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The IRS will open the 2013 filing season and begin processing individual income tax returns on January 30, 2013, the agency has announced. However, some taxpayers will not be able to file their returns until late February or early March because the IRS needs more time to adjust its processing systems to reflect passage of year-end 2012 tax legislation. Included in this group are taxpayers filing Form 4562, Depreciation and Amortization, Form 5695, Residential Energy Credits, and Form 8839, Qualified Adoption Expenses.
"The IRS was very proactive in gearing up for late legislation," says Cindy Hockenberry, manager, Tax Knowledge Center, National Association of Tax Professionals. In recent years, delayed starts to the beginning of the filing season have become almost routine events because of the passage of year-end tax legislation, Hockenberry notes. Previously, the IRS had predicted the 2013 filing season would begin on January 22.
"Late legislation compresses what is already a short filing season even more," says Bill Lazor, past president of the Pennsylvania Institute of Certified Public Accountants. The impact is especially felt by individuals who file early in anticipation of a refund, Lazor adds.
In 2012, the IRS warned that late legislation would likely delay the start of the 2013 filing season. Congress passed the American Taxpayer Relief Act (ATRA) on January 1, 2013 and President Obama signed the bill into law the next day. Among its many changes, ATRA patched the alternative minimum tax (AMT) for 2012 and subsequent years, and extended a host of temporary individual and business incentives (known as tax extenders), many of which had expired after 2011.
Acting IRS Commissioner Steven Miller told Congress in December 2012 that the agency was leaving its core processing systems unchanged in the expectation that Congress would patch the AMT for 2012.
The IRS will begin accepting individual returns on January 30, 2013. The agency reported that it is updating its forms and completing programming and testing of its processing systems. This activity will reflect the bulk of the late tax law changes enacted by ATRA, the agency explained. Included in this group are returns affected by ATRA’s AMT patch. The IRS will also accept returns claiming three very popular extenders: the state and local sales tax deduction, higher education deduction, and the teachers’ classroom expense deduction.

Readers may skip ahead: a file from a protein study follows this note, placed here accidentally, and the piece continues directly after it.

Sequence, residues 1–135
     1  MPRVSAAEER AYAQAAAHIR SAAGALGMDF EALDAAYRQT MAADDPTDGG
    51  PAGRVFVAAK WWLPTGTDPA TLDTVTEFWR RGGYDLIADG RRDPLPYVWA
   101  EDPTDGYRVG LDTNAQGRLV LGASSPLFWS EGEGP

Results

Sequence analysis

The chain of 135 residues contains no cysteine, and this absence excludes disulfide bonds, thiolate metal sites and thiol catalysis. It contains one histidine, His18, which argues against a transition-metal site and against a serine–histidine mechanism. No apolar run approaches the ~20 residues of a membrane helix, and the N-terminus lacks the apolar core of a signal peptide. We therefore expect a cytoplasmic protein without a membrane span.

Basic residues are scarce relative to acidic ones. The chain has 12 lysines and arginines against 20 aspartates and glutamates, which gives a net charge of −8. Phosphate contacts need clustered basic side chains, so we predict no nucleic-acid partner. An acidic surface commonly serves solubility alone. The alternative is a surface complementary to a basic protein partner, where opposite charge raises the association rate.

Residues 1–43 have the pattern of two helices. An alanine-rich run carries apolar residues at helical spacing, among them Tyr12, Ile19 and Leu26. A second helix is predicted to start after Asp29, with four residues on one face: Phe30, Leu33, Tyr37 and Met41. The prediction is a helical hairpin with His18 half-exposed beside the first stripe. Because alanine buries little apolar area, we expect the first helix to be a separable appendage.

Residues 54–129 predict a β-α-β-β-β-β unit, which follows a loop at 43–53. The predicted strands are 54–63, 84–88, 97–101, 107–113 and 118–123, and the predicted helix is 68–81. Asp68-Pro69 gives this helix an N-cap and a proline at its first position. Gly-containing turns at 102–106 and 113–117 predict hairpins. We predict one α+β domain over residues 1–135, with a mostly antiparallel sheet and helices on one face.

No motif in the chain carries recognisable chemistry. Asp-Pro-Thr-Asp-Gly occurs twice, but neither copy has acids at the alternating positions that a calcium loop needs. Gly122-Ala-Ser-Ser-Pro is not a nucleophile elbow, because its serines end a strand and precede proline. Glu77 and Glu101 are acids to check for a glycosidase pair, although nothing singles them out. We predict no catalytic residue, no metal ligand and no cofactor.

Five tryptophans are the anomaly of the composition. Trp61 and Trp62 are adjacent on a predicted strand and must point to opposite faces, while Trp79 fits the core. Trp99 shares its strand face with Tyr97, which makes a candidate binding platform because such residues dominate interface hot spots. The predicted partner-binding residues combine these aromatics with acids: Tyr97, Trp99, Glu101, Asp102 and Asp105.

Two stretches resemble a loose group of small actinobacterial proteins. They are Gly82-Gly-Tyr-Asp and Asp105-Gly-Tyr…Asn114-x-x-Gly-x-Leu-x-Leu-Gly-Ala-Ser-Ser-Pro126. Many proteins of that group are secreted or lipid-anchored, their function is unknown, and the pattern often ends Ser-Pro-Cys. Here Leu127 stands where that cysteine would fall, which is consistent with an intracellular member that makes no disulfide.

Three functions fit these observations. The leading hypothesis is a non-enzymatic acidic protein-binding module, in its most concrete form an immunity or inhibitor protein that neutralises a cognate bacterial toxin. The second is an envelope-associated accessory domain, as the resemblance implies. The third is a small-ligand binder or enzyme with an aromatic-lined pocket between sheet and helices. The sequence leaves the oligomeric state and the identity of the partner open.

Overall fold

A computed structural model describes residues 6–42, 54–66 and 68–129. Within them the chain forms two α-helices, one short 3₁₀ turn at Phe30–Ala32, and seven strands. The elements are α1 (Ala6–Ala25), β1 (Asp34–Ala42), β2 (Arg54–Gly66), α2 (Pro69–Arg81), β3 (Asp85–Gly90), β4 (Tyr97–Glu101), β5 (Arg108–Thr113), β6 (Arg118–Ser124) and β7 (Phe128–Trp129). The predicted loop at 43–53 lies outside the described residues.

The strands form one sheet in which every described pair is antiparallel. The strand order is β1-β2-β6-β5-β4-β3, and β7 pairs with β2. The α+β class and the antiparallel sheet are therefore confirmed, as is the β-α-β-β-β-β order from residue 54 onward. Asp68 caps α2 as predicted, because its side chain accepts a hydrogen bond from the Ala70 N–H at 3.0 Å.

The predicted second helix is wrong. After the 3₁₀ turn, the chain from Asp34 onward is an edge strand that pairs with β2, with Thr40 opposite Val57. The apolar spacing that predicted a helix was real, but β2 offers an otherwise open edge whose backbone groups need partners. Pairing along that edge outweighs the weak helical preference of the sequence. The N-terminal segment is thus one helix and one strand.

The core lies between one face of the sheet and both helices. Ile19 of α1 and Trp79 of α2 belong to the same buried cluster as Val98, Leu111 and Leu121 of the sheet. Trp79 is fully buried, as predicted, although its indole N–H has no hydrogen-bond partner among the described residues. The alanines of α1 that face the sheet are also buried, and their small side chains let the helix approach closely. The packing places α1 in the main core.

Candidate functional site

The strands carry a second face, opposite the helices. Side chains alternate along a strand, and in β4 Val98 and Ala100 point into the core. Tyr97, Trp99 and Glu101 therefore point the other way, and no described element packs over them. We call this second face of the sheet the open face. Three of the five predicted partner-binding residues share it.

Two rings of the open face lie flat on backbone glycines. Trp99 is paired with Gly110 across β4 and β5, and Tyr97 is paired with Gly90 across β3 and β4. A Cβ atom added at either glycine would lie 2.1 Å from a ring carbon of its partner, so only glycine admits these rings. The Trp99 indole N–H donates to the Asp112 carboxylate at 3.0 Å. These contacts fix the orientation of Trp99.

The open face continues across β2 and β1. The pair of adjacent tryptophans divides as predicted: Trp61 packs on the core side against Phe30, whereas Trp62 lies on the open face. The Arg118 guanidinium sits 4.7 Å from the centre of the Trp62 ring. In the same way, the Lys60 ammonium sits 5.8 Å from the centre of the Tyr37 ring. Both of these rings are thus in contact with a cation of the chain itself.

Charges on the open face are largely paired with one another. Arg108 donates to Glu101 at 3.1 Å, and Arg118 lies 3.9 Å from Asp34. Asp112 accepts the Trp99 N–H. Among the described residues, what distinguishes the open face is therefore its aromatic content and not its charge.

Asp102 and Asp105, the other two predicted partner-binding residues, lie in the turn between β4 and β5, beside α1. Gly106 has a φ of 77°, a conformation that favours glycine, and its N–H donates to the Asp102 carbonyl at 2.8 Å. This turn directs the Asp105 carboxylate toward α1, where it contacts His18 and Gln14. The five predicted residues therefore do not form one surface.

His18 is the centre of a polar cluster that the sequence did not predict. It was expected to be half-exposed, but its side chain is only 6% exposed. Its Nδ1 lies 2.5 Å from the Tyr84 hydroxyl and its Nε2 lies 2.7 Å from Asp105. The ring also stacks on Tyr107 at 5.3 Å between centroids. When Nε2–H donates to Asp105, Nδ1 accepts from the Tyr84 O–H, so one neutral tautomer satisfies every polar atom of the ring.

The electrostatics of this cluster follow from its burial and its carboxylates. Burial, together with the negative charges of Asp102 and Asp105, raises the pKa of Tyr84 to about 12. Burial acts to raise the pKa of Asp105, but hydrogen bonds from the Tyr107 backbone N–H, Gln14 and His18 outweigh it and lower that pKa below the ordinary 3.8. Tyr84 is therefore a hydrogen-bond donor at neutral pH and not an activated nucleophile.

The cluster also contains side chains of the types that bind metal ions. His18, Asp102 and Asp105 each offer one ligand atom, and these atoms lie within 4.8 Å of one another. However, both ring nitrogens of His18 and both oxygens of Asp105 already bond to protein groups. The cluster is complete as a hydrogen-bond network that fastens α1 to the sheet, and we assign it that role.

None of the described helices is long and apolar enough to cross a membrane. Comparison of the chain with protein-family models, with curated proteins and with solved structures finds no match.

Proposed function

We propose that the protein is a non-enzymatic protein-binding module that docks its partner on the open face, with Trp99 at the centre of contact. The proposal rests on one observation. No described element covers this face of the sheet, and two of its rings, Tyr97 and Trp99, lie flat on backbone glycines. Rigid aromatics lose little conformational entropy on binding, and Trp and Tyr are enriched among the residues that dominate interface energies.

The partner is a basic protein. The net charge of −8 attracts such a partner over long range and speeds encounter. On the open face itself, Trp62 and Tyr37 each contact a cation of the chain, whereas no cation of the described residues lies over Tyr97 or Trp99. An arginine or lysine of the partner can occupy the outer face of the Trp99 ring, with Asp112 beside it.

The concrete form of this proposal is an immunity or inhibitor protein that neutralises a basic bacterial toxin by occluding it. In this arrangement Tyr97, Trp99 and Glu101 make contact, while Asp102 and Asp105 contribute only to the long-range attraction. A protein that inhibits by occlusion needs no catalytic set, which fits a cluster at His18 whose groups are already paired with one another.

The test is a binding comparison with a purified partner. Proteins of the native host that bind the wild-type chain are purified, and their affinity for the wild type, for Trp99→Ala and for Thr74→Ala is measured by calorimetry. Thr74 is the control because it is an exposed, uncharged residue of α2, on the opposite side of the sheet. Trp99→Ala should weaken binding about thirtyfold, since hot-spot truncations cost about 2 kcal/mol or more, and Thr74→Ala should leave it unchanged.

Updated forms and Instructions are posted on the IRS website. These include Instructions for Form 6251, Alternative Minimum Tax — Individuals, and Form 1040, Schedule A, which reflects the option to deduct state and local sales taxes.
Filing a paper return will not speed-up the process, the IRS cautioned, emphasizing that it will not process paper returns before January 30, 2013. The agency encouraged taxpayers to file their returns electronically.
The IRS further reported that some taxpayers may not be able to file on January 30 because of the need for more extensive form and processing systems changes. Among the taxpayers affected are individuals claiming residential energy credits, depreciation of property, or general business credits.
The agency has posted a list of forms that will be accepted in late February or into March after the agency updates the forms and completes programming and testing of its processing systems. A specific date will be announced in the near future, the agency says.
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